INDEPENDENCE — Antawn Jamison didn’t want to get traded at the March 15 deadline, and he wasn’t.
Now the 35-year-old power forward, who is on the books for $15.1 million in the final year of his contract, is unsure if he would be open to re-signing with the Cavaliers.
“That’s too far ahead,” Jamison said Monday following practice at Cleveland Clinic Courts. “I haven’t thought about it. I appreciate the things this organization has done for me. … I’ve been through a lot of coaches. By far, this is my favorite coaching staff to play with and learn things from.
“To sit here and say, ‘I can see myself coming back,’ or ‘There’s a chance of me coming back right now,’ that’s one of those decisions where you really have to clear your mind and let the batteries get rejuiced and just really figure out what you want to do and what the best situation is.
“I’m not one of those guys who’s saying I have to go chase a championship or anything like that. I can be happy with going to a team and teaching young guys to play. I just have to do what’s best for me and best for my psyche.”
While most people have assumed this will be Jamison’s final season with the Cavs, who are rebuilding and looking to add young players and draft picks, his return in 2012-13 is not out of the realm of possibility.
The Cavs don’t comment publicly about contract negotiations or possible signings, but they might be willing to bring back their second-leading scorer (17.5) and rebounder (6.5) if the price is right, which would be a drastic reduction from what Jamison is earning.
But even if Cleveland decides it wants to keep Jamison, the team captain would still be free to listen to offers from around the league.
“Physically, I could play another four or five years,” Jamison said. “Mentally, man, I’ve pretty much said I’ve got another two years left after this.”
Jamison, who is in his 14th season, has not only had to deal with the regular-season grind, but two horrible seasons in a row, record-wise.
The Cavs were 19-63 last season, when they lost an NBA-record 26 straight games and 36 out of 37, and are 17-33 this season. They have lost seven in a row and 10 of 11 heading into tonight’s home game against San Antonio (36-14).
“I want to win,” Jamison said. “Tomorrow’s not promised. I might not be here next year. I can’t be worried about what we’re planning for next year. For me and a lot of these guys, it’s about, ‘What can we do now?’”
Once in contention for the eighth and final playoff spot in the Eastern Conference, Cleveland entered Monday with the fourth fewest wins in the league.
The Cavs have failed to shoot better than 40 percent or score more than 85 points in their last six games. Included were a 37-point loss to Milwaukee on Friday and a 25-point defeat to Phoenix, both at Quicken Loans Arena.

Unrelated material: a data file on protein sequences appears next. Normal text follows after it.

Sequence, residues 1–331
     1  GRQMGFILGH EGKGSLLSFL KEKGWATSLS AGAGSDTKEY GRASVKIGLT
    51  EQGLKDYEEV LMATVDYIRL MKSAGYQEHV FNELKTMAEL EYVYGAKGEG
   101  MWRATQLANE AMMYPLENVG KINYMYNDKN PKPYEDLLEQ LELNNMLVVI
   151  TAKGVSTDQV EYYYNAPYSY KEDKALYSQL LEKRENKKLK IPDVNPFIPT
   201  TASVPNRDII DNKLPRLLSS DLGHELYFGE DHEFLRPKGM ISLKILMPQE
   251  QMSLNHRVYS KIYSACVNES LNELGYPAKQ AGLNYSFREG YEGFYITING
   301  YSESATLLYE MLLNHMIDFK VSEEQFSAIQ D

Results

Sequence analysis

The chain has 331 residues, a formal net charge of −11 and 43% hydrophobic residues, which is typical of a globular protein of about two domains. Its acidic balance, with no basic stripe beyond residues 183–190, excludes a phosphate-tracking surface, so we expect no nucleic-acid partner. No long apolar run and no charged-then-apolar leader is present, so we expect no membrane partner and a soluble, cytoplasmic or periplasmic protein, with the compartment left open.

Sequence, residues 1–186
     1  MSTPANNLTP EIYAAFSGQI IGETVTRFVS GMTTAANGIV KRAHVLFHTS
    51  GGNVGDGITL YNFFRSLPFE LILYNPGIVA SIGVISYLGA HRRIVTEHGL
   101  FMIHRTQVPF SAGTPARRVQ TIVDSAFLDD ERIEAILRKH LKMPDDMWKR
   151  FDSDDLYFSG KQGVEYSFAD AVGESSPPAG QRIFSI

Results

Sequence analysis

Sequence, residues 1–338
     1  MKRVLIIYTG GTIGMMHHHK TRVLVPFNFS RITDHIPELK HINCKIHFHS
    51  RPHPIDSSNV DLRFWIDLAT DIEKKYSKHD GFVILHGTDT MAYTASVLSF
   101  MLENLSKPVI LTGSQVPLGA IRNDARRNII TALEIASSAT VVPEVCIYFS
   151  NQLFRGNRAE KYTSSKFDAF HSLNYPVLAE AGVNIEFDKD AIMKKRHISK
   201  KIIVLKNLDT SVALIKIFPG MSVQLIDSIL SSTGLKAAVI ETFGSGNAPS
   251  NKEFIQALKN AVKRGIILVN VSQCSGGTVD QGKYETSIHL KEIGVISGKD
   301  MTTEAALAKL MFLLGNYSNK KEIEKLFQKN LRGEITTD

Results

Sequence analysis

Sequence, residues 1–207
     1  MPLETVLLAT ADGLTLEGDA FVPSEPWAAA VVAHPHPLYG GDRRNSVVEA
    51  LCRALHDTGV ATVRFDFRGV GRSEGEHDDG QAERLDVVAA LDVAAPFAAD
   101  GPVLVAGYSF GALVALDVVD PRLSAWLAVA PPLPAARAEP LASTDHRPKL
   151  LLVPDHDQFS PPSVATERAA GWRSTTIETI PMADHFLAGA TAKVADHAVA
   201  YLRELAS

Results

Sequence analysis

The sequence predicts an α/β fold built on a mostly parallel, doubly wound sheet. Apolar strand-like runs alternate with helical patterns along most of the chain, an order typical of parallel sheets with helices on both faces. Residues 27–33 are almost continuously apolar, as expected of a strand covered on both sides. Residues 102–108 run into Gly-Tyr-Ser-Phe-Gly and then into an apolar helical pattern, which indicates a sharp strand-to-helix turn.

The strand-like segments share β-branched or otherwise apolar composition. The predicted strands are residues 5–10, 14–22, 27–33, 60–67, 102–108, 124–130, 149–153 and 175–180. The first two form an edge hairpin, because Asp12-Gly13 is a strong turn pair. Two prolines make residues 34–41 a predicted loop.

“It was tough to know we were so close (to the playoffs),” Jamison said. “Instead of taking steps forward, we took dramatic steps backward.”
Already starting to feel the strain of not having starting center Anderson Varejao, who’s been out since Feb. 10 with a fractured wrist, the Cavs really started to struggle when they traded backup point guard Ramon Sessions at the deadline.
Cleveland is 1-8 since dealing Sessions, a topic that caused the always chatty Jamison to choose his words carefully.
“I wouldn’t say I was OK with it,” he said. “It’s a guy who was a veteran. We played well together. He was a big piece of this puzzle.”
Jamison, however, understood the move was made with the future in mind, as it netted the Cavs a first-round pick for a player who might have opted out of his contract and become a free agent.
“That’s part of the business,” he said. “You have to deal with it and you have to move forward.”
The 6-foot-9, 235-pounder is also dealing with a shooting slump, as he’s 19-for-62 from the field over the last five games. Broken down, it looks even worse, as Jamison has had games of 5-for-15, 1-for-4, 7-for-21, 5-for-14 and 1-for-8. Twice in that span, he’s scored just two points in a game.
“I’m going through a rough patch where the ball is not finding the hoop,” he said. “I’ve been there before. I just have to fight through it.”
The same holds true when it comes to the team’s current woes and his future, which is why he always makes it a point to remind his younger teammates of one thing.
“We have the best job in the world,” Jamison said. “We’re playing a kid’s game. It’s always fun.”
- Who: Cleveland vs. San Antonio
- Time: 7 o’clock
- Where: The Q
- TV/radio: FS Ohio; WEOL 930-AM, WTAM 1100-AM
Contact Rick Noland at (330) 721-4061 or firstname.lastname@example.org.